The Canterbury Tales" ... sort of like Schubert, who is best-known, to some, for his 'Unfinished Symphony.'

It was in the writing of the Tales that Chaucer made a significant impact on Western literature ... and earned him the title of 'patriot' to some readers. You see, Tales was written in (Middle) English, the vernacular, the language of England's people ... but not necessarily the language of England's court, which still bore some of the marks of the Norman conquest of England, 300 years earlier, and still spoke French or Latin.

For some, "vernacular" = "vulgar" ... something that Chaucer and others of his era (the "Pearl" and "Gawain" poets) proved ain't necessarily so. At the same time, though, Chaucer's Tales brought forth some characters and actions that - at least, on the surface - were a little lowbrow for courtly tastes.

Might someone like Chaucer have taken to the Blogosphere as readily as he took the road to Canterbury? It's possible ... some might say, likely. Someone has done more than just speculate what shape and direction that blog might have assumed at
Geoffrey Chaucer Hath a Blog. Think blogging is, at times, difficult? Try it in Middle English!

With thanks to Frank at
BOOKS, INQ. for the heads-up ...

Monday, April 17, 2006

An Opportunity to Make a Joyful (?) Noise ...

He is risen ... Christ is risen, indeed ...

A full house for early service this morning at First Prez-Midland, and I don't think anyone went home disappointed. The church's staff and ministry did themselves proud today, and the message of Christ's resurrection - and our salvation - was loud, clear and compelling.

There was a little something for everyone ... including me. A small notice in the church bulletin said, "Those who have sung the 'Hallelujah Chorus' and would like to join with the choir in this great anthem, please come to the chancel during the singing of 'Christ is Risen! Shout Hosanah!'"

I had ... so I did. And, for only the second time in more than thirty years, I sang that awesome piece with a choir. And not just the choir this morning, but accompanied by brass, tympani and organ.

I was a tenor in high school, and I don't quite have the range now, that I did then. The lump in my throat - not the result of stage fright but, rather of exhileration - didn't help either ... it was a wonderful moment. And even as I mangled this note or that, I didn't care ... I was making a joyful noise, nonetheless.

And, I enjoyed it so much that, this year, I came back and sang at late service, as well.

Perhaps what I felt was something like what Edward Hoagland once described ...

"Though I'd seen mobs behave savagely, some of my experience was of the moments when, on the contrary, a benign expressiveness, even a kind of sweetness, is loosed. When life seems to be an unmixed good, the more the merrier, and each man rises to a sense of glee and mitigation, alleviation, or freedom that, perhaps, we wouldn't quite dare to feel if he were alone. The smiling likeness, infectious blitheness, the loose, exultant sense of unity in which sometimes, the mass of people as a whole, seems to improve upon the better nature of the parts."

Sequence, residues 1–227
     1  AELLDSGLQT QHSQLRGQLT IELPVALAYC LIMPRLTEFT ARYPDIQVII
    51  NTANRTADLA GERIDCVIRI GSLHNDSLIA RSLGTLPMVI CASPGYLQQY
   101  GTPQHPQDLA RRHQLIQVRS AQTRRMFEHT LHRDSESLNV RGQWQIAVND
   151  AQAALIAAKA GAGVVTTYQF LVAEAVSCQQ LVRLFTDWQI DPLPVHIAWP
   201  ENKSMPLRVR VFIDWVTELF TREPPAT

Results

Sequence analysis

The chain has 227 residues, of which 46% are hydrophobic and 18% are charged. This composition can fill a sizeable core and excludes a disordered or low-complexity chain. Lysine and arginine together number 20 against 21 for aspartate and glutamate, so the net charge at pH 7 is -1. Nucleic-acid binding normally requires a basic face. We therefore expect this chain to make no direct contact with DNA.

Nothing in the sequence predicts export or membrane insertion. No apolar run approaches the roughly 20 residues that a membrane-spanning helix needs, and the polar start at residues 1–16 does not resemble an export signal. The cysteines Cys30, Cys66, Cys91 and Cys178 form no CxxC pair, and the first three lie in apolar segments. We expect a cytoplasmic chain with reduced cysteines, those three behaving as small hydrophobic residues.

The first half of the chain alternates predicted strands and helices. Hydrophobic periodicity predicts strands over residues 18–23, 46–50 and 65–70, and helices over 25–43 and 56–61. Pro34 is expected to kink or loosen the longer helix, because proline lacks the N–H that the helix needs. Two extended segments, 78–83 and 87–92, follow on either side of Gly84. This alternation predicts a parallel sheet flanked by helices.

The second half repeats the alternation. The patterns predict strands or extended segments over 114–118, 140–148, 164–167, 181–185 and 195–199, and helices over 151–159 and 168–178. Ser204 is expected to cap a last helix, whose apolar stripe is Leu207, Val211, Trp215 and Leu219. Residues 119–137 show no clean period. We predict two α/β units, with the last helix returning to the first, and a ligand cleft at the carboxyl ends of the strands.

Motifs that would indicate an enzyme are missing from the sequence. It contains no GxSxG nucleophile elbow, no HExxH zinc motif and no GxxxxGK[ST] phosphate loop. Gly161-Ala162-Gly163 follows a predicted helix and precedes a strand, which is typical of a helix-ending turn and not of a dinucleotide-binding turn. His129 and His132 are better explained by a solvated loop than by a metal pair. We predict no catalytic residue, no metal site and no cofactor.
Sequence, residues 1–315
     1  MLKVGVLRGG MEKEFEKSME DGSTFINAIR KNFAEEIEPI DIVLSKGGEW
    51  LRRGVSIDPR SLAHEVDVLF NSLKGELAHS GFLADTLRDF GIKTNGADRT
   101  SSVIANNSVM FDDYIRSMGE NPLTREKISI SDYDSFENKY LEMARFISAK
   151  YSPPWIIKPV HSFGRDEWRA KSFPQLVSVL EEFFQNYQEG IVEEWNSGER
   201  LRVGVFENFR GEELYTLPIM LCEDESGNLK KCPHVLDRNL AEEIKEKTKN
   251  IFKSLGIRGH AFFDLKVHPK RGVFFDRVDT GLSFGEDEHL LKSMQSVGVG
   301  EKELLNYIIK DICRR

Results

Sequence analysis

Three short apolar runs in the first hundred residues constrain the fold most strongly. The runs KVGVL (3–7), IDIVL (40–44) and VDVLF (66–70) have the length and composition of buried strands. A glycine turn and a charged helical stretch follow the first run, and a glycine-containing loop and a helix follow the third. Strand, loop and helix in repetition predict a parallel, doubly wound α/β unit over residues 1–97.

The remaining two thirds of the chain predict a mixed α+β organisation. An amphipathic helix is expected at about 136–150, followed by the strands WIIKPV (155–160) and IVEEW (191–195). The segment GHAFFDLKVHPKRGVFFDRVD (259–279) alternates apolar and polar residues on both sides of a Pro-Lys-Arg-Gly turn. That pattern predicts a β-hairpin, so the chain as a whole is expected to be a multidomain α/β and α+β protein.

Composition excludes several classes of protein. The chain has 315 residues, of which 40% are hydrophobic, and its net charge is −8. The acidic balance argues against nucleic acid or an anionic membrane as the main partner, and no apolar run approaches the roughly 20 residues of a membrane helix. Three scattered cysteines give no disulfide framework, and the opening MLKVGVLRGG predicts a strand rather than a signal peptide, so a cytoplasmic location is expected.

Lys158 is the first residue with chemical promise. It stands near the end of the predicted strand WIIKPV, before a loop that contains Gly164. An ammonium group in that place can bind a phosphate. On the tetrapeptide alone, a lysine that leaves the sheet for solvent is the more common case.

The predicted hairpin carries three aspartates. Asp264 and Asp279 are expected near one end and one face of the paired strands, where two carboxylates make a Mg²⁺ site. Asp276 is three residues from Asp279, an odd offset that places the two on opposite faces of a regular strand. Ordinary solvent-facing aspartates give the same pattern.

"This intrigued me."

"Just as with other natural wonders of the world, to which one relinquishes one's self, instead of feeling smaller, I often felt bigger when I was packed into a multitude And taking for granted the potential for mayhem of crowds, of which so much has been written, I was fascinated instead by the clear, pealing gaiety."

"It manifests itself, for instance, in the extraordinary quality that singing by a congregation acquires. The humdrum and unlovely voices gradually merge into a sweet, uniquely pristine note, a note angelic-sounding, hardly believable. Looking about, one can't see who in particular might have such a voice. Everybody in the pew has an expression as if he were about to sneeze, and squawks just a little. It is a note created only when hundreds sing ... it needs them all. No single person is responsible, any more than any individual in a mob lends that its bestiality."

"It's like riding in surf. It's like a Dantean ascent ... one circle up. Suddenly, we like all these strangers, even the stranger in ourselves, and seem to see a shape in life, as if all the exertions of the week really were justified and were a source of joy."

Alleluia ... Amen


With thanks to Florence Sherwood, Chorus Director at Dallas Senior High School, Dallas, Pennsylvania, for her wonderful talent and her incredible patience.

Thursday, April 13, 2006

Beckett's Birthday ...

Today marked an anniversary of special significance, to Western literature in general, and to stagecraft in particular ... it was on this day, in 1906, that Samuel Barclay Beckett - Irish playwright, novelist, poet and Nobel laureate - was born.

Online, there are wonderful, virtual centenary celebrations at "
Fathoms from Anywhere," presented by the Harry Ransom Center at the University of Texas, and "The Samuel Beckett Endpage," presented by the University of Antwerp ... to name just a couple.

I could talk at length about the man, his work, his influence and so on ... but I won't. That's already done - and done well - by the folks at